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'The greatest player I've ever seen, by some way': Football world stunned as global icon Diego Maradona passes away

'The greatest player I've ever seen, by some way': Football world stunned as global icon Diego Maradona passes away
The global footballing community has reacted in a collective state of grief and shock at the sudden passing of Argentinian football icon Diego Maradona, whose death was confirmed by his attorney on Wednesday afternoon.

Well before the decade-long debate as to who is the better player, Cristiano Ronaldo or Lionel Messi, there was one central theme which ran through many idle football conversations on terraces and in pubs the world over; who is the greatest of all time?

Also on rt.com Diego Maradona dead: Argentinian football legend passes away aged 60

For a while, there was truly only one answer: Pele. But then, towards the end of the 1970s, whispers began to emerge from the Argentinian Primera Division of a young, diminutive magician with an almost supernatural command of the ball. 

From there, the legend of Diego Armando Maradona would only grow further.

His irrepressible skill soon took him to Europe for two contentious seasons in Barcelona, blending both his sublime skill and his hot temper into one fiercely combative package. Maradona's best domestic form would come in his seven years in Italy with Napoli, but his majesty came most to the fore when he dragged his native country to win the 1986 World Cup.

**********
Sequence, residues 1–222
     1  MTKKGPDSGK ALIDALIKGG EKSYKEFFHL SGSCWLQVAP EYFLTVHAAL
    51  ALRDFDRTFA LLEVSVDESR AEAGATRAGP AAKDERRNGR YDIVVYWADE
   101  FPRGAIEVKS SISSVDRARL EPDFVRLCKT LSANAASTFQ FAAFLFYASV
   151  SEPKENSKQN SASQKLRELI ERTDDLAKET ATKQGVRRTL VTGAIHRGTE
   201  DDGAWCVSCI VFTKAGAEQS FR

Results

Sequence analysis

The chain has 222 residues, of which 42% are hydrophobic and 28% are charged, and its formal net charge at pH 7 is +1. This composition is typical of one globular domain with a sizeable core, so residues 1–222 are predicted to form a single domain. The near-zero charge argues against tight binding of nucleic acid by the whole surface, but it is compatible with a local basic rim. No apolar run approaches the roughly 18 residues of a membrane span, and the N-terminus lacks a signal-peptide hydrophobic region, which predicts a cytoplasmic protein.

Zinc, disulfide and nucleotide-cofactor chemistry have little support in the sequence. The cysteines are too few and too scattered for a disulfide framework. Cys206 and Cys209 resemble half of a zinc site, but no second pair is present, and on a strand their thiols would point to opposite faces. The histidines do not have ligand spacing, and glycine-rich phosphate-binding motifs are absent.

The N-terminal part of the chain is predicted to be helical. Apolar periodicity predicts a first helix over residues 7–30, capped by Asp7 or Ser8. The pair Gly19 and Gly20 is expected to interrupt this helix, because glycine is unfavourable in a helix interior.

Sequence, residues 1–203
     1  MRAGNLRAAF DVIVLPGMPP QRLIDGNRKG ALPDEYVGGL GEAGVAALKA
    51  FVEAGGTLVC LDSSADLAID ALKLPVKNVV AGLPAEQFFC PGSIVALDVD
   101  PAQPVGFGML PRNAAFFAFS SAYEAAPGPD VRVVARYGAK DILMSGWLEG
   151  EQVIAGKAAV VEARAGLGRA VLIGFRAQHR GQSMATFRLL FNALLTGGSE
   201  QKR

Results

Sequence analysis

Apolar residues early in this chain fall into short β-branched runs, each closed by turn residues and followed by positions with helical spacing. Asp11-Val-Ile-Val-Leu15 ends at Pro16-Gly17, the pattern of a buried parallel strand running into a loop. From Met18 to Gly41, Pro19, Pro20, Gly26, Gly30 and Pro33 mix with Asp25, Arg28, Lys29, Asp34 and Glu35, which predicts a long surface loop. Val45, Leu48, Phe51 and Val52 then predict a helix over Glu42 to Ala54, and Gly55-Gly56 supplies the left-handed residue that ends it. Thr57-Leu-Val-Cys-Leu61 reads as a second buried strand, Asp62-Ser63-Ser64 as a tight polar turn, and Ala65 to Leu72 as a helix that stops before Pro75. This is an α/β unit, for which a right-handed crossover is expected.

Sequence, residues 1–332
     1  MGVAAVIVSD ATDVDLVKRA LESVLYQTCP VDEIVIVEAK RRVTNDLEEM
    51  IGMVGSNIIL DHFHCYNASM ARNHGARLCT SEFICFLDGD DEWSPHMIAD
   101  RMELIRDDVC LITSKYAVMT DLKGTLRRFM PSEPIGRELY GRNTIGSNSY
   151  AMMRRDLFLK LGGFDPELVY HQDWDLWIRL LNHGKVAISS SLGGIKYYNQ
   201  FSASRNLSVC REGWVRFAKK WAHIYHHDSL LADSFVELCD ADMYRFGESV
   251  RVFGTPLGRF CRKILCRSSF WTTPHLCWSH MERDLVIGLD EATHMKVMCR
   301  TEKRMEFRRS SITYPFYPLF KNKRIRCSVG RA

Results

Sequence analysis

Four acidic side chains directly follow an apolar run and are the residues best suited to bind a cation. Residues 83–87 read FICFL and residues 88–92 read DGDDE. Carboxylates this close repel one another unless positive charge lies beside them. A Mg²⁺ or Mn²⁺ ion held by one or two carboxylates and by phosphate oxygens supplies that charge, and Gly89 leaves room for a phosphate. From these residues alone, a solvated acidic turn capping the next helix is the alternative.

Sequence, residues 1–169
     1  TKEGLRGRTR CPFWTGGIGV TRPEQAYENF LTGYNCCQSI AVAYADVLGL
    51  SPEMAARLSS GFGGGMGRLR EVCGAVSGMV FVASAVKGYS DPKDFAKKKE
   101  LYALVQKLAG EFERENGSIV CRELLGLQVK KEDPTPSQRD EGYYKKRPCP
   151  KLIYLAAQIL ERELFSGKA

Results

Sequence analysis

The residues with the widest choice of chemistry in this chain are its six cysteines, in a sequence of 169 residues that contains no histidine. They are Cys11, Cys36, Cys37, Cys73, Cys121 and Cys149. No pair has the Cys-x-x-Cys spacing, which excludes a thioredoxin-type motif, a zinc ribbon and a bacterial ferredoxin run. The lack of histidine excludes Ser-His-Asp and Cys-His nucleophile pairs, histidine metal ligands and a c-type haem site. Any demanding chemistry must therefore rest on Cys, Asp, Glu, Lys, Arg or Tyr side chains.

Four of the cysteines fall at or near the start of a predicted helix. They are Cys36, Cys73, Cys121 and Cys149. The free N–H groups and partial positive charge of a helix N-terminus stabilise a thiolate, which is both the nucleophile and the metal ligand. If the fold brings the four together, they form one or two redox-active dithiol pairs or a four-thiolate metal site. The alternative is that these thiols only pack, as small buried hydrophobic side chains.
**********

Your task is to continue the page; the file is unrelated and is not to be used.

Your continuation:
His performance in that tournament, and particularly against England in the quarter-final, was Maradona to a tee. His first goal in the 2-1 win, the infamous "Hand of God," was Maradona at his most opportunistic. His second was Maradona at his most skillful.

Another man who was on that pitch that summer's day in Mexico, Gary Lineker, led the tributes to Maradona by describing him as "arguably the greatest of all time."

Of course, it wasn't always plain-sailing for the deeply-flawed Maradona. He would struggle with drugs and alcohol throughout much of his career, leading to high profile showdowns with both his club and global footballing bodies. 

After winning the World Cup in 1986 and getting the final four years later, an aging Maradona was sent home in disgrace from the 1994 tournament in the United States after failing a drug test. He would never play for his national team again, and his domestic career flamed out soon after.

But, as is being noted by the reams of social media reactions flooding Twitter, Maradona's flaws were part of the deal. Genius has a counterbalance and Maradona was never far from his. 

But for all his transgressions, Maradona was a uniquely relatable figure. He did on the football pitch what we all wanted to do, and did off the pitch what we were always told to stay away from. 

And in those 60 years, he surely lived more than one lifetime.